U.S. Consumer Income Confidence Hits 5-Year High

Americans are currently more optimistic about their personal financial situations than at any time in the past five years, and that positive outlook should help fuel housing activity in 2015, say results from a recent Fannie Mae consumer poll.thumbs_up

According to the company’s January 2015 National Housing Survey, 48 percent of Americans expect their personal finances to improve in the coming year, the highest level since the poll’s inception. And 29 percent of respondents said that their household income was substantially larger than it was one year ago, also an all-time survey high.

“Consumers are as positive about their personal finances at the start of 2015 as they have been since we launched the National Housing Survey in 2010, and this optimism seems to be spilling over into housing market attitudes,” Fannie Mae Senior Vice President and Chief Economist Doug Duncan said in a statement accompanying the results.

The number of Americans who think it is a good time to sell a home increased to 44 percent, tying the survey’s all-time high. Homebuyer confidence also grew from December to January, with 67 percent of respondents saying that now is a good time to purchase a property.

“Overall, these are good signs to start off 2015 and are consistent with our expectation that strengthening employment and economic activity will boost the speed of the housing recovery,” Duncan said.

Fannie Mae’s findings come on the heels of a very positive U.S. employment report, in which the Department of Labor said that the country added 257,000 jobs in January. According to The Wall Street Journal, the U.S. economy added more than a million positions over the past three months, the best such hiring stretch in nearly 20 years.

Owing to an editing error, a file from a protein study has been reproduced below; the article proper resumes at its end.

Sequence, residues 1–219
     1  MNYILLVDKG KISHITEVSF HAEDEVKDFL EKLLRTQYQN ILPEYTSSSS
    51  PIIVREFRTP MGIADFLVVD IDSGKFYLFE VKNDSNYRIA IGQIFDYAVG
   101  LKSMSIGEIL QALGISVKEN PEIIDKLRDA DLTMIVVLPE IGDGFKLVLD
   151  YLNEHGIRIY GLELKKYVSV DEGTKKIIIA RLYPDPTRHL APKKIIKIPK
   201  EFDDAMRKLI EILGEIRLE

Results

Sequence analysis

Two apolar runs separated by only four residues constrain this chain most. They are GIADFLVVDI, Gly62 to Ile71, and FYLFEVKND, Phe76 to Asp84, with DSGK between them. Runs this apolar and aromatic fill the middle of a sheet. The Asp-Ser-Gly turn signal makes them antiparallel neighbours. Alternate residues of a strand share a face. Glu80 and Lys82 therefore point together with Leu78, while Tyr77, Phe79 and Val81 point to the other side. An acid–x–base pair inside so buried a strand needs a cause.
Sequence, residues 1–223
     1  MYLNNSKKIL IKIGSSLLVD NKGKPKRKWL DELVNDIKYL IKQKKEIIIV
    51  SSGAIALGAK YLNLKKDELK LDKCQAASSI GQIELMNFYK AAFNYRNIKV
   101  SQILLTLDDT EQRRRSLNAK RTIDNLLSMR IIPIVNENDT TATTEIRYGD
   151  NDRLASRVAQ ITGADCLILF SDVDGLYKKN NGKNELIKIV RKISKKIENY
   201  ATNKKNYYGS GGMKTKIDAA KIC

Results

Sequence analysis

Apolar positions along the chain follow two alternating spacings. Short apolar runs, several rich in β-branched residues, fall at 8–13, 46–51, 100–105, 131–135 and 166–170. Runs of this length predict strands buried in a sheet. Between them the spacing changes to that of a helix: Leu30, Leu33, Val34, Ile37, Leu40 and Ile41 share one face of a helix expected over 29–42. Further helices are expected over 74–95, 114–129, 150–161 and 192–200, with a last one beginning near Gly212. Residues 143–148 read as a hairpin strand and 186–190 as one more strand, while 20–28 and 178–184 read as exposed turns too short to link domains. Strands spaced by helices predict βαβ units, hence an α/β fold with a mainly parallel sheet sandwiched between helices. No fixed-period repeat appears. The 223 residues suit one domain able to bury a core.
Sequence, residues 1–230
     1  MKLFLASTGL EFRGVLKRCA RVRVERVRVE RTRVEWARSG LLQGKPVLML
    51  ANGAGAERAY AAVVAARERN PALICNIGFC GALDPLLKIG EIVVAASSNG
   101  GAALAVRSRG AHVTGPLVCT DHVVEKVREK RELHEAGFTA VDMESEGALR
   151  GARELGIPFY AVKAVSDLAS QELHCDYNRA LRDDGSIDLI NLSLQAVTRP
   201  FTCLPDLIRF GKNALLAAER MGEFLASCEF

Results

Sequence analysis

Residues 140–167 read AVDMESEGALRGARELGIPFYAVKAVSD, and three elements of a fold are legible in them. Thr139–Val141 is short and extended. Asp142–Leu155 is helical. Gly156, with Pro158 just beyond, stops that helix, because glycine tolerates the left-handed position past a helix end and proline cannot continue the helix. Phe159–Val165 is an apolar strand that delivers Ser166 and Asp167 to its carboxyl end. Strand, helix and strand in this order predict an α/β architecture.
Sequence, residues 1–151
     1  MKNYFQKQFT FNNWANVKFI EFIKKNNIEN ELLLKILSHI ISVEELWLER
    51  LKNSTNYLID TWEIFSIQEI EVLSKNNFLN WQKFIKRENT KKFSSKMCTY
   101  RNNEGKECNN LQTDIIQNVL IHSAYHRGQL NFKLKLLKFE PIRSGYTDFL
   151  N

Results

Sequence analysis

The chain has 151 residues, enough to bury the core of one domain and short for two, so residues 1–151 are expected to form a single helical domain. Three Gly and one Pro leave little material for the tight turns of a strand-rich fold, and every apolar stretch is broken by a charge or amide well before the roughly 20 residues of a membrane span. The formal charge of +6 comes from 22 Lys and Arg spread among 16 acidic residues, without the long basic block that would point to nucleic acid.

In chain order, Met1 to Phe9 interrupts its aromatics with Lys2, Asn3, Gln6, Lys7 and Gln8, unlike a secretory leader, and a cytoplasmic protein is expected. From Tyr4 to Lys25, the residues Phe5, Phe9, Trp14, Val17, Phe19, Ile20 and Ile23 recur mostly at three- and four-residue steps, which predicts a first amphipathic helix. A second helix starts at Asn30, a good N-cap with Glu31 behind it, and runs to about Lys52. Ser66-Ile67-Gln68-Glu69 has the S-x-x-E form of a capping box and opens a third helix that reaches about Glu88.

Here in the Bay Area, where three of our local counties led California for employment rate in December, job growth is fueling both asking and rental prices, Trulia reports in a blog post.

According to company’s latest Price and Rent Monitor, asking prices for a home in Oakland were up 13.8 percent year over year in January, tied for fourth highest among the country’s 100 largest metro areas. During that same time period, employment in Oakland grew by 2.7 percent. Trulia correlates job growth with healthy home price gains, noting that nine of the 10 metro areas with the largest annual asking price increases saw employment upticks of 2 percent or more.

That trend applies to Bay Area rental markets as well, Trulia’s report shows. In Oakland, rent prices increased by 12.1 percent year over year in January, second highest in the nation. In San Francisco, which saw employment grow by 4.5 percent on an annual basis, rent prices were up 11.6 percent from one year ago, No. 3 in the U.S.

(Photo: Flickr/Sarah Reid)

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